Those appeals from Moruca, were reported on April 22, 2020 and though not privy to the response to the request, we are now aware that on Independence Day, 26 May, 2020, Moruca‘s first COVID-19 case was traced back to Lethem (Rupununi). As a result, one person had died, and several others are now in isolation/quarantine since Moruca, Region 1, North West District (NWD) recorded its first case. It was reported in the press that a 59 year old male, Mr. Vincent Torres, a former teacher and assistant returning officer of the Guyana Elections Commission, turned up at the district hospital with complaints of breathing problems, resembling those associated with COVID-19. His condition worsened before his results came back and he died suddenly while receiving treatment. Post-mortem results later officially confirmed that Mr. Torres had died from coronavirus, increasing the number of deaths to 11 in the country.
MOBILE TESTING UNIT
Dr. Derron Moonsammy, who is in charge of the Kumaka-Moruca District Hospital, reported that a mobile testing unit from Georgetown was expected to arrive in Moruca to conduct more testing but feared that it would be a great challenge to contain the disease in his district. He explained that Moruca is a relatively large district consisting of many villages miles apart and with many secret trails leading to the Lethem/Brazil Border. With the number of COVID-19 cases and deaths now increasing daily in Brazil, and miners frequenting the Guyana/Brazil border using secret trails to enter Moruca unknown to authorities, he had already received information that a group of miners had already left the border area and are on their way to Moruca through one of these trails.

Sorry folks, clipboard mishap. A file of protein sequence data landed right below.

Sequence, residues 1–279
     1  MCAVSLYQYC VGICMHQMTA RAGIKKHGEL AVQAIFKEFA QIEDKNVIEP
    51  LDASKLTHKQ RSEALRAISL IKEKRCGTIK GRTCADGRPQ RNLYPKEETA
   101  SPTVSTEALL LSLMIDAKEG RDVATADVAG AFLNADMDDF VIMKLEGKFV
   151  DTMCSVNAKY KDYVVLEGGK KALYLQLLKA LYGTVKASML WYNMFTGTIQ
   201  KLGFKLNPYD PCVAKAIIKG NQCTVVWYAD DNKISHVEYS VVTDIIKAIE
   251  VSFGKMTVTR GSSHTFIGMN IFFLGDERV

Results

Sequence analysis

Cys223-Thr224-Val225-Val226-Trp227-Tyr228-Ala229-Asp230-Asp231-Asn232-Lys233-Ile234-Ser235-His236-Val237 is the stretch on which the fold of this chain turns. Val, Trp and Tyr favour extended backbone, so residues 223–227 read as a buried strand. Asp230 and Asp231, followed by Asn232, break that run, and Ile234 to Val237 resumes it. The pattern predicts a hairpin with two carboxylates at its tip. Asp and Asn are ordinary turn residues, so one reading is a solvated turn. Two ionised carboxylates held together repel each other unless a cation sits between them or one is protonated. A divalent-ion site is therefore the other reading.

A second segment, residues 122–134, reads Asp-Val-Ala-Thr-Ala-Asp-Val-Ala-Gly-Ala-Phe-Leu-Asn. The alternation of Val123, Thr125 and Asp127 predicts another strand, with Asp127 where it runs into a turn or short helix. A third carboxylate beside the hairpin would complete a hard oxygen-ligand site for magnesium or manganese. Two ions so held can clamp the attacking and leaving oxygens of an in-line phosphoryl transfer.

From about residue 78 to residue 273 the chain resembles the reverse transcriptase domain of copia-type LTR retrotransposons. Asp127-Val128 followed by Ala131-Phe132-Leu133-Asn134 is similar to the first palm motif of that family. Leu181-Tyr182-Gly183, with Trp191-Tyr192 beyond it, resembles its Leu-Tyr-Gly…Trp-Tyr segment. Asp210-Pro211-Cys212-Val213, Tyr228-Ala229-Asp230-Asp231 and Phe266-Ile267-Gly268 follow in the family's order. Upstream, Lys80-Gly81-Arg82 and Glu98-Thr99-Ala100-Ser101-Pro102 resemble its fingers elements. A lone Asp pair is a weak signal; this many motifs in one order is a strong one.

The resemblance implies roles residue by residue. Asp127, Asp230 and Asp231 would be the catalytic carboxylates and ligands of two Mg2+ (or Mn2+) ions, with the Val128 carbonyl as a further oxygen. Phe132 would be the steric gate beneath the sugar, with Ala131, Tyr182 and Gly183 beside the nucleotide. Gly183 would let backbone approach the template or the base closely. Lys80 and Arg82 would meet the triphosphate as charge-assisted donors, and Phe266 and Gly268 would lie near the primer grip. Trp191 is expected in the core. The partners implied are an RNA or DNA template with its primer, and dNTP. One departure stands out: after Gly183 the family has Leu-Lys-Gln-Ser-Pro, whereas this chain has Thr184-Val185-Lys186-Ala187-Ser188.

Another report from Dr. Nial Uthman, Regional Health Officer, Upper Takutu-Upper Essequibo (Region Nine) stated there were 2 new cases in that area known as the Rupununi. The number of cases is increasing daily, is now at 137 cases in the country with 11 deaths so far, of just over 1500 tested for the virus, but reports of the spread of the epidemic in the entire country, have only just begun. We are unaware if all of those were diagnosed using the gold-standard RT-PCR (Reverse Transcript-Polymerase Chain Reaction), given that there is some doubt as to the accuracy of the IgM and IgG tests. News reports now confirm that there are now 12 cases at the Palms Geriatric Home, of which the first case prompted us to contribute to the press. We understand that only 50% of the residents there have so far been tested.
We have had weeks to plan for the disaster which began in Georgetown last March and is now unfolding in the interior of the country. An effective response depends on advanced planning. Without planning, to quote from ‘The public health consequences of disasters’ edited by Eric K. Noji, “in the midst of the crisis, a number of questions go unanswered. For example, what groups will respond to the acute needs of survivors? What training do they have or need? What are their specific responsibilities? What are the priorities for service delivery, in terms of laboratory equipment and supplies?”
When we hear of eleven COVID-related deaths in Guyana, our tendency is to casually dismiss their significance as we are not personally affected, and it is just another (small and insignificant) number. When we read of those who have survived the disease begging us to take it seriously, we are not moved by their pleas, it is somebody looking for attention. We only arise from our slumber when we know that someone who is in the Intensive Care Unit and will either die or survive; or when someone is in quarantine as a result of exposure, worried and pensive, as they wait to hear if he or she was positive.